Finding Inspiration at the End of a Long Week

Last week was a bruising week of meetings and travel with an inspiring day at the end. 

Mondays are always full with meetings. This Monday, I met with DOI senior political staff; FWS Director's staff; and others to review the previous week, catch up from the weekend, and prepare for the week to come.   

After an evening flight to Las Vegas, on Tuesday morning I joined the NRCS Chief and USFS Deputy Chief in addressing the annual conference of the National Association of Conservation Districts. 

I spent a short day on the ground, but by nightfall, I was already flying back home for work the next day. 

Wednesday and Thursday were packed with more meetings on important issues like FY 2012 budget allocations for refuges, endangered species, and land acquisition. 

I also had the chance to catch up with Secretary Salazar. During our meeting, the Secretary and I talked about progress in planning new refuges, upcoming ESA decisions, and renewable energy, among a grab bag of other items. 

After a long week, I was excited to head out to the National Conservation Training Center in West Virginia for the graduation of the 2nd cohort of Diversity Change Agents. 

Diversity Change Agent Graduation

These people are fired-up and ready to lead the Service in becoming a better organization that can think bigger in addressing 21st Century conservation challenges. They were inspired after a week together in the program, and were anxious to share their own stories about diversity while encouraging me to share mine. 

I also got to stop in and visit with the participants in our Refuge Officer Basics training.  This outfit is a tremendous collection of people, and it was great to say hello.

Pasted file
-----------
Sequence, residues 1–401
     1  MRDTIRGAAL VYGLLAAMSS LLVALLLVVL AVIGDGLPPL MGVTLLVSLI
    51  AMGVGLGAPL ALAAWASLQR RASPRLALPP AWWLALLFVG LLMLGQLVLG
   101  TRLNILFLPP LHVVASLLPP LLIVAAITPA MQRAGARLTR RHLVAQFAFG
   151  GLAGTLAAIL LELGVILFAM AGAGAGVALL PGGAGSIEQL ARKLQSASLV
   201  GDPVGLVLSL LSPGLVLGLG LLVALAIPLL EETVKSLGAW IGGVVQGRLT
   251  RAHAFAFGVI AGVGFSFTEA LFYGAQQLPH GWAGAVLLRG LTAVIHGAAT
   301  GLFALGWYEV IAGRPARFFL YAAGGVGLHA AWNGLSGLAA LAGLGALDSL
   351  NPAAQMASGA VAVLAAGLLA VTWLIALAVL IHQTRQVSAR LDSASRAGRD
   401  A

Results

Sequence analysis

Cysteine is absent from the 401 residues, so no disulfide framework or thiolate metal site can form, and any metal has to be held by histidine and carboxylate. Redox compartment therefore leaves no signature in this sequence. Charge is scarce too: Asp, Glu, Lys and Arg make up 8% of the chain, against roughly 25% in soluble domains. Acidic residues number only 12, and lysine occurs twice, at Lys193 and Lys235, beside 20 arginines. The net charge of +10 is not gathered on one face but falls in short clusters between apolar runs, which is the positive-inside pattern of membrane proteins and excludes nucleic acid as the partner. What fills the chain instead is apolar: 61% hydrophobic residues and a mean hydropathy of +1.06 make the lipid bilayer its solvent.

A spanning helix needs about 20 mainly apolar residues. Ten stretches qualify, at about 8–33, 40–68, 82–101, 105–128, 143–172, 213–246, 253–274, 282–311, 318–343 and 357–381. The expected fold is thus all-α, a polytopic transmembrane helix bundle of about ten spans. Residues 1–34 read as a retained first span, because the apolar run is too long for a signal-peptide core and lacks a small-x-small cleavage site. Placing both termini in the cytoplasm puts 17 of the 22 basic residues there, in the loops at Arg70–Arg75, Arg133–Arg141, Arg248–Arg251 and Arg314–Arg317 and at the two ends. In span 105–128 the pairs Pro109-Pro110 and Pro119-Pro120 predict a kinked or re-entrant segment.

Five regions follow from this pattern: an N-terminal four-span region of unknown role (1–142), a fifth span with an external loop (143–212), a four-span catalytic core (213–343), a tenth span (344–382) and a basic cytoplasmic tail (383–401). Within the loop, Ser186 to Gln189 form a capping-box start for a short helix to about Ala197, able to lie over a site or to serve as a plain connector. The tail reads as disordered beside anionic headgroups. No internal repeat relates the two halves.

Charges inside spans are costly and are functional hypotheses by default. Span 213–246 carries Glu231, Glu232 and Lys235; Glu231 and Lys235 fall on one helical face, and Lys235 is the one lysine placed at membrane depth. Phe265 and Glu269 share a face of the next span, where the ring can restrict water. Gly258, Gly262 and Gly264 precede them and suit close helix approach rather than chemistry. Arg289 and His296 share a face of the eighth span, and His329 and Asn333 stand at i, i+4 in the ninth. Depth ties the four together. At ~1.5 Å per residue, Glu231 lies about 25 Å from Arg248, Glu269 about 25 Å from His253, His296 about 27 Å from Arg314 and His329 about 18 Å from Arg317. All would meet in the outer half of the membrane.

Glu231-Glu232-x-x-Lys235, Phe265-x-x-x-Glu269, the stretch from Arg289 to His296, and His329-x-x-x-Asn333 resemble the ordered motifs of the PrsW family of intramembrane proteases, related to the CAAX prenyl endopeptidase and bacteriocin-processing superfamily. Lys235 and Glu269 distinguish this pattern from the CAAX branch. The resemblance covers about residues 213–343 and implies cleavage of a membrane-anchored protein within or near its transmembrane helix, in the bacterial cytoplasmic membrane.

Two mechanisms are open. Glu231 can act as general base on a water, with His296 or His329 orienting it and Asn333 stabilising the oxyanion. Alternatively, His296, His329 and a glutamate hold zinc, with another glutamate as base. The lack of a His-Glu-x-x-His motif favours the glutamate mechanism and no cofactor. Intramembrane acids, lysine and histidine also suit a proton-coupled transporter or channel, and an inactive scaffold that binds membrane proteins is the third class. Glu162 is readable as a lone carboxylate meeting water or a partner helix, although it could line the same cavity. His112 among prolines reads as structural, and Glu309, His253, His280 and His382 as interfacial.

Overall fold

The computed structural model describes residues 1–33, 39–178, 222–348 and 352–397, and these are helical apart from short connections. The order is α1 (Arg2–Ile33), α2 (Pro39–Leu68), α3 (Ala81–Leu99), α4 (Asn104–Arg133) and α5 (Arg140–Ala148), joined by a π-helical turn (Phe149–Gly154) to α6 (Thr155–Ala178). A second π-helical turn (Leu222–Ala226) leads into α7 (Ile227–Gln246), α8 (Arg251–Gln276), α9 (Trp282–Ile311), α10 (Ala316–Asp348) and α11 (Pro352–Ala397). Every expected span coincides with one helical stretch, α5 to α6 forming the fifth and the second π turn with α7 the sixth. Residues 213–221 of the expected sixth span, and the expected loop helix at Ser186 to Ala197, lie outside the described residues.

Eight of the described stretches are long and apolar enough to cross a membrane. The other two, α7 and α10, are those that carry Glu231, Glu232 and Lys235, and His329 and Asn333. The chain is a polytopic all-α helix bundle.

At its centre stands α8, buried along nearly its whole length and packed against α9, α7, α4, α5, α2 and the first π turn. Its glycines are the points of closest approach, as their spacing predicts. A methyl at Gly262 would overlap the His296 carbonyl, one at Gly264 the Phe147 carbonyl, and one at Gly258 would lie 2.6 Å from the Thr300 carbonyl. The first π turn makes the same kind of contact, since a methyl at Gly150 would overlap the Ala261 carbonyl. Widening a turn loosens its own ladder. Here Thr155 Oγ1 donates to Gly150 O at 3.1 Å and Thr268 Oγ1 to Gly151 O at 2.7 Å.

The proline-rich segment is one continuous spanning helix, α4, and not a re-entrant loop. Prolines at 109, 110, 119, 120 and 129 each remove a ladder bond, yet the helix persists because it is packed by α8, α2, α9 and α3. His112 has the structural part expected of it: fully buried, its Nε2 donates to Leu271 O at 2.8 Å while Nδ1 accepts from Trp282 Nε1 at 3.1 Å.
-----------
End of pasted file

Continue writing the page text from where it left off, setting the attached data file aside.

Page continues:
All in all, I saw some of our very best in action on Friday. What a way to end the week. 

It made me proud. 

-Dan

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Gene Lake's Gravatar I have been a Mi. DNR and USFS licensed inland guide in my home state for 14yrs and have alot at stake. When is someone going to get the balls from the government, that we rely on to do something, to take control of the asian carp problem in and around the great lakes, or should I say, the problem that the federal government brought here and let reproduce and didnt regulate properly. I dont think you realize the scope, a multi billion dollar fishery, world class, something I grew up with and pass on to young people every year to protect and preserve. PLEASE help me to not lose this precious, amazing resource. I guide on the Pere Marquette, first river to be planted with german browns in the US and the only in lower MI. with a self sustaining run of wild chinook and steelhead, and Big Manistee, home to the world record brown trout. What a waste of an amazing fishery for political or monetary gains. How will you feel when the children of tomorrow hear "the government didnt do anything"
# Posted By Gene Lake | 2/12/12 10:50 PM
Last updated: August 31, 2011